txrealtynews

Get ready, more foreclosures to come!

In Foreclosure on May 5, 2009 at 7:45 pm

For those of you who have been thinking the housing market is bottoming out, don’t believe everything you read. FNMA has put a moratorium on evictions since October 2008, and every lender under the sun has pretty much followed suit. Come June, auctions and particularly evictions will again raise their head. The loan modification programs have had little effect and many homeowner who were able to modify their loans have begun to get behind in their payments in as fast as 90 days. Thankfully, it’s not the end of the world. Real estate will recover, prices will bottom out, and buyer’s purchase power will increase again once credit policies loosen.

If you’re in Texas be glad. According the the Texas A&M Real Estate Center, the number of real estate transactions have experienced double digit drops. However, house values over all have remained relatively flat. In fact, in some micro-markets real estate valuations have actually continued to climb.

For now, if getting  good deal by buying a foreclosure is what you’re after, “caveat emptor”.

1. Trust only agents that know how to work with foreclosed properties. Especially first time home-buyers. I’ve heard the stories and have seen the tears. Give yourself plenty of time to close; 60 days is a good idea.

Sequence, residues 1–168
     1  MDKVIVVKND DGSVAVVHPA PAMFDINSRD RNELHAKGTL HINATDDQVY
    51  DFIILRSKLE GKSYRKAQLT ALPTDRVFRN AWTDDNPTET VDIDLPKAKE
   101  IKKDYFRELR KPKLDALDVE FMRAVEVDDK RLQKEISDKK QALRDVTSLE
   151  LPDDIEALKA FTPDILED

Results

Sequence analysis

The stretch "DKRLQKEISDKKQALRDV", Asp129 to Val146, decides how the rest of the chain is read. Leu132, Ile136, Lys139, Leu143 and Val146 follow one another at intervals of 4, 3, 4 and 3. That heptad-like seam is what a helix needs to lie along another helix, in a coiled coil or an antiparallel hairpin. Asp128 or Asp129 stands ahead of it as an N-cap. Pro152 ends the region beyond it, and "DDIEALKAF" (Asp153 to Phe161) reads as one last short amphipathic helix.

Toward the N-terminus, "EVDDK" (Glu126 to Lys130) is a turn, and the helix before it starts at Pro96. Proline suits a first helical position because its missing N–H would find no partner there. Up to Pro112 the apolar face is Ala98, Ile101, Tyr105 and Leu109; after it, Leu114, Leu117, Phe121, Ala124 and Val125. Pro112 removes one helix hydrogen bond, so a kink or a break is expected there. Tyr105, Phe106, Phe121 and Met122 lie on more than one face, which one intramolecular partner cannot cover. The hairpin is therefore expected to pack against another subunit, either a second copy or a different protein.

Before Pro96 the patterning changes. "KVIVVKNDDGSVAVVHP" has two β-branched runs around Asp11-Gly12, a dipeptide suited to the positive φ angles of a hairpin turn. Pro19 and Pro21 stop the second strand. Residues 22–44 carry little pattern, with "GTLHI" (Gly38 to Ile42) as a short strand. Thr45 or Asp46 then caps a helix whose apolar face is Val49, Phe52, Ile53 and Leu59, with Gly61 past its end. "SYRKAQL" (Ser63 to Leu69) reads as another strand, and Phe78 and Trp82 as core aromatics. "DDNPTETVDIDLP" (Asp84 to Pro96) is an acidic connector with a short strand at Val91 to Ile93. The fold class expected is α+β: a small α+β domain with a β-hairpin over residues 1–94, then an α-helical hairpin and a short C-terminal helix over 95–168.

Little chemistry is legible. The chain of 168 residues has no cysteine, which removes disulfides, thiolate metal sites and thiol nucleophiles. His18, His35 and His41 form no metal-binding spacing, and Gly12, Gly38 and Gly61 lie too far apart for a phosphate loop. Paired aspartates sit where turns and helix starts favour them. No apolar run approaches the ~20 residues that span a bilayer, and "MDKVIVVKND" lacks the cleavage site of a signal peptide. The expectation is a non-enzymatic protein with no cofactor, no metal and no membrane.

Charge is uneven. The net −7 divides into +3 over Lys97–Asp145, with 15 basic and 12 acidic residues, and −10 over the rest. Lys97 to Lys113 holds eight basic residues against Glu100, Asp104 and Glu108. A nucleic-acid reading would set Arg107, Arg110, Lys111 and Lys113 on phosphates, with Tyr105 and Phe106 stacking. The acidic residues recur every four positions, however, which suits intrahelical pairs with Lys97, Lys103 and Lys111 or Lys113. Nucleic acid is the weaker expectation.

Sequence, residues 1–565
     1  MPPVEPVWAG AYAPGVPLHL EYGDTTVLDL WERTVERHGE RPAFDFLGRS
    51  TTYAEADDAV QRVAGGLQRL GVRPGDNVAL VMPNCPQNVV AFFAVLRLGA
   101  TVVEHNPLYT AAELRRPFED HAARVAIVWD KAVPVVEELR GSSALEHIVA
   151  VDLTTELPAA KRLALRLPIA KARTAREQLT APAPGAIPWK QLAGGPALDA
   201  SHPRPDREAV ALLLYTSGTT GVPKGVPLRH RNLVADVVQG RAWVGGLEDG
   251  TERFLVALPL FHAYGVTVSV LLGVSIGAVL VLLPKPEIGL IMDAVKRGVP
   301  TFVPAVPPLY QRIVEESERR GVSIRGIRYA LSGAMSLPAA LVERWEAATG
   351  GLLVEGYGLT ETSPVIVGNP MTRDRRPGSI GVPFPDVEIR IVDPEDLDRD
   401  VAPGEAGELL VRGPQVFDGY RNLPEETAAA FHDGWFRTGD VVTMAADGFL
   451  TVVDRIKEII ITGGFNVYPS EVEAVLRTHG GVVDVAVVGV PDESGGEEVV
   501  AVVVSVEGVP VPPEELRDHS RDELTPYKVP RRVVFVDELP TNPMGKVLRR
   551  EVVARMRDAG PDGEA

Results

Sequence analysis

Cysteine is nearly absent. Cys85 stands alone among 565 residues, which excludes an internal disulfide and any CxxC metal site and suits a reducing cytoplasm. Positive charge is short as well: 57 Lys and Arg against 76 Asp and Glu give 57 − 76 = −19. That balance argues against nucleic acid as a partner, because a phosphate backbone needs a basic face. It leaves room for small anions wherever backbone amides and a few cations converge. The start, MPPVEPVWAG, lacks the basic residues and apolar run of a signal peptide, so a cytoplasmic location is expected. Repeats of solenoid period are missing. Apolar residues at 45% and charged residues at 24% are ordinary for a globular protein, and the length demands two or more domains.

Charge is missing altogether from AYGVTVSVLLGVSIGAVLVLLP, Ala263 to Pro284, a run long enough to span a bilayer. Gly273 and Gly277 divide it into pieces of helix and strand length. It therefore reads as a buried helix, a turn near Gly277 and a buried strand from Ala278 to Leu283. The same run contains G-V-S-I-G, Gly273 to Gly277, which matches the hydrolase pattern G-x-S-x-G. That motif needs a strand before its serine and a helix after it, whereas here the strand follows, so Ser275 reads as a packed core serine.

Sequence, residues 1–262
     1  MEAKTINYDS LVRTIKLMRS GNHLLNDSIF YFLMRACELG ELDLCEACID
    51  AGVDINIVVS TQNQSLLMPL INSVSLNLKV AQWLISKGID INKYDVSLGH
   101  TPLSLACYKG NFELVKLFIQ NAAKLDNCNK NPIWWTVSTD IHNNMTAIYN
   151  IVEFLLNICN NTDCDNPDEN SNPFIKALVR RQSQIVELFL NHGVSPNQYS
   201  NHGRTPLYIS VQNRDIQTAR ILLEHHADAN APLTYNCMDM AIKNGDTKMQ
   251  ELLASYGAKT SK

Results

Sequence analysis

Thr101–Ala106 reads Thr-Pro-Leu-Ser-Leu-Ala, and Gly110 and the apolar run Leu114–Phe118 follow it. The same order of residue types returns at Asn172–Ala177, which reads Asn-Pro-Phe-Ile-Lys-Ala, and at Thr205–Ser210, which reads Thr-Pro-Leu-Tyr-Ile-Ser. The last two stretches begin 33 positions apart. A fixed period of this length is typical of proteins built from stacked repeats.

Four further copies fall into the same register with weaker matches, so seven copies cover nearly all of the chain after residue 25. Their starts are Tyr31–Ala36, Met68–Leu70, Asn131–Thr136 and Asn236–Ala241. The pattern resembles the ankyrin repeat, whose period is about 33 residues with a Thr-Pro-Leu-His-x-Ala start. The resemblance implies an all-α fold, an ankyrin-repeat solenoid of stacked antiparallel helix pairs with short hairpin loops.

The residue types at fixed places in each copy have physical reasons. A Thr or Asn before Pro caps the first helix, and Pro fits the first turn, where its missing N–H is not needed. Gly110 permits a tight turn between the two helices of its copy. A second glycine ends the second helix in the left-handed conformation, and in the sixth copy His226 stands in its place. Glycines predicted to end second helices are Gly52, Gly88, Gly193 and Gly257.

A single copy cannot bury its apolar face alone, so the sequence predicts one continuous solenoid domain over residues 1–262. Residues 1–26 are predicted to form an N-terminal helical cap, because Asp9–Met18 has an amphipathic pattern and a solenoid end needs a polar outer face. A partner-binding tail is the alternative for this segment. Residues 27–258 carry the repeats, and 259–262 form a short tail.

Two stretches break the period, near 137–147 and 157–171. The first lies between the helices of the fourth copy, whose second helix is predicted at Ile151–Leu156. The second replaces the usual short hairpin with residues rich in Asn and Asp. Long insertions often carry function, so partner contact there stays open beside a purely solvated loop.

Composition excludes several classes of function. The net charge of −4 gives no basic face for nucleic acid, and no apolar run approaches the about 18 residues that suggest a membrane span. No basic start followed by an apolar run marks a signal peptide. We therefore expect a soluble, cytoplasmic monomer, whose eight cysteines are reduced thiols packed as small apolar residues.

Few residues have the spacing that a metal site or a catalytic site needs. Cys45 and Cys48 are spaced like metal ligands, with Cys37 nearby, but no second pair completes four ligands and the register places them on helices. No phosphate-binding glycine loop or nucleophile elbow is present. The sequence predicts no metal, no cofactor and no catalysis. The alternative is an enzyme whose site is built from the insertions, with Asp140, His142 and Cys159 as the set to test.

2. Make sure to ask for everything upfront. Once you’ve contracted on a deal try to stick with it. If the house is really what you want then don’t loose site of what’s really important. The amount of channels, hoops and red tape that sales managers for institutional banks and asset management companies have to go through when additional consideration is requested based off a repair could jeopardize the entire deal. Some sellers are now offering their own home warranty solution in order to cover mechanical devises that break down once you move in.

3. If the house has been vacant for a while, their’s usually a reason for it. Sellers of distressed assets will typically fix the big things, like foundation. However, be careful of houses with pools. Usually they’re only boarded up. The reason, pool companies will charge 10’s of thousands of dollars to fix a pool. So the banks typically don’t even mess with fixing them.

4. Try an auction. Yes, auctions are coming back. If you remember in the late 80’s and early 90’s when you could buy a house at an auction at a great deal you may want to consider going to a few. Keep in mind, the best deals are going to be those properties that have been sitting vacant for quite some time relative to other homes in the neighborhood.

Foreclosures can be a good deal but make sure you know what you’re getting in to. You can check out foreclosure listings on my website, http://www.CharlesGalati.com.

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